When we compare this to the other, positive use of the word "enable" as the process of helping someone
learn to function better and make better choices, and engage in more functional behaviours, while healing
or recovering from a challenge - or in some cases, help them adapt to the reality of a challenge that may be
permanent - we can readily see how the wider sense gets lots in the restrictive form.
Returning to the other, restrictive form: a frequently asked question is: why do people "enable":
quite simply, because they love the addict/dysfunctional person (in the case of alcoholism, the some-time
affable, clever and witty alcoholic), they act to protect them by covering for them: doing the work that
they don't get done, paying the bills that they don't pay, rescuing them from their scrapes with the law and
other incidents, and generally taking up the responsibilities they have abandoned.
The others cover for them by making excuses: For example, in alcoholism, "S/he can't come in to work
today, s/he's got a, err, virus . . . We've got to get him/her out of jail, s/he'll lose his job! Then what will
we do . . . It was my fault, officer, I said some things I should not have said . . .”
Please note: enabling is not only just connected to alcoholism: it can apply to any inconsiderate, anti-social,
dysfunctional activity, habit, etc.
By doing these things, they are protecting the addict/perpetrator from the consequences of their actions.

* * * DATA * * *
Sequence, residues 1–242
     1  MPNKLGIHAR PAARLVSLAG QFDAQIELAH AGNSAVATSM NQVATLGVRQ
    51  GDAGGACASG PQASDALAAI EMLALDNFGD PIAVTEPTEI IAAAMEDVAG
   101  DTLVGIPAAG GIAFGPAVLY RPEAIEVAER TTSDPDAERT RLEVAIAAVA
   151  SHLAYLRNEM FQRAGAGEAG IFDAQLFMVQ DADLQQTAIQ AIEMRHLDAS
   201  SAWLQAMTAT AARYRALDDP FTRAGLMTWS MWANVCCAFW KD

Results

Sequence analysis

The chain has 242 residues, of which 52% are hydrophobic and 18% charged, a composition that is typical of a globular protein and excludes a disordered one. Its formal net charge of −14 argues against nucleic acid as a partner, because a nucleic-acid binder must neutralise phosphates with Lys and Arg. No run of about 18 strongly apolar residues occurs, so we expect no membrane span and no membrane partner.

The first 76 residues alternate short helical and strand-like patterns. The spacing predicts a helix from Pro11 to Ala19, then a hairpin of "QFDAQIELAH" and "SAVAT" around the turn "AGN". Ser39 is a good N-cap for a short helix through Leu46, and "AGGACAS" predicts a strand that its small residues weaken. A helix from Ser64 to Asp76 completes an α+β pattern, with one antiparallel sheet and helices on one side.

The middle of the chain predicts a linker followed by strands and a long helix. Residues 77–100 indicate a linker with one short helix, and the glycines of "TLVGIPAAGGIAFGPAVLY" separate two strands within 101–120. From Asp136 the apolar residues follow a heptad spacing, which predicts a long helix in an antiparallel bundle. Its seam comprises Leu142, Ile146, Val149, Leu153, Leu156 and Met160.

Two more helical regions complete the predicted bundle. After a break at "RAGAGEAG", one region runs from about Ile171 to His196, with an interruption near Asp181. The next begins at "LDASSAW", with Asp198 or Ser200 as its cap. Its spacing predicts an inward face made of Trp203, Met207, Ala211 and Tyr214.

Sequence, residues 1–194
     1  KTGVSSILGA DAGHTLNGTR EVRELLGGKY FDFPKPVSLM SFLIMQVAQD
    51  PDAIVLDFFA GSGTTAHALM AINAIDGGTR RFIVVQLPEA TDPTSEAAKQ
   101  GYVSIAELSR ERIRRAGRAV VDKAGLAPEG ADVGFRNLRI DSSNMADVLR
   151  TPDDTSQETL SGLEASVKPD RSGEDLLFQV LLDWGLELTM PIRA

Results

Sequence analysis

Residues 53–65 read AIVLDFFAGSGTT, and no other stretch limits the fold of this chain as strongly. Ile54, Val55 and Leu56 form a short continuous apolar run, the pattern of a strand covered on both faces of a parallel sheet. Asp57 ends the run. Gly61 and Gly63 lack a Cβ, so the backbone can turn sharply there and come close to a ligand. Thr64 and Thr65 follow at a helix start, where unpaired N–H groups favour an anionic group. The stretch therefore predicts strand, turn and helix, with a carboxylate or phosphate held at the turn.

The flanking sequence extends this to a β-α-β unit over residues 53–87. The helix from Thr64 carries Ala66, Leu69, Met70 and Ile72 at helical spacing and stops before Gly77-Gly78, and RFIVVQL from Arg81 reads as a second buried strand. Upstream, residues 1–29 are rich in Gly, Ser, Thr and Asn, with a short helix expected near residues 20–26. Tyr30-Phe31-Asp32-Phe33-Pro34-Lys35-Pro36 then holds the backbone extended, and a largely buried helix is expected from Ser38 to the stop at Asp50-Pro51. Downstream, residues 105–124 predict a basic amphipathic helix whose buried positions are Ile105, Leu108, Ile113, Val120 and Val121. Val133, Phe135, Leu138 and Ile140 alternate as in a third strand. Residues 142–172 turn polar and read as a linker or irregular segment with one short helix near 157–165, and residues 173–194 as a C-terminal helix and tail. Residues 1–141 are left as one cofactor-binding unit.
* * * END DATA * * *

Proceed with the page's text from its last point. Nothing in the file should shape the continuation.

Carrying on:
S/he never has to feel the real pain caused by his/her drinking.
These well-meaning, but people rush in to put "pillows" under him/her so s/he doesn't hurt her/himself in
the fall. Consequently, the addict/perpetrator never finds out how it feels to fall. Together, they become
Thus, by the time the "disease" has gotten to the crisis point, the "addict" has developed a support system of
family and friends. These people that are close to the person who is developing an unacceptable behaviour
pattern, become adept at overlooking or avoiding the evidence.
This negative for of enabling is a delusion - with everyone pretending that the "problem"
doesn't exist! Although the dysfunctional behaviour (substance abuse, or other) has placed them (in
their minds) in a helpless and dependent position, the addict/perpetrator can continue to believe s/he is still
independent because s/he has been rescued from his/her troubles, and absolved from ownership and
responsibility, by her/his well-meaning family, friends, co-workers, employers and sometimes clergymen
The roles these enablers play to "help" the addict/perpetrator can be just as obsessive and harmful as the
alcoholic's drinking. With these enabling devices in place, the addict/perpetrator is free to continue in the
progression of his/her dysfunction, with her/his denial intact, until s/he perhaps reaches the point of hitting
bottom, at which point even the most dedicated addict/dysfunctional perpetrator must finally admit there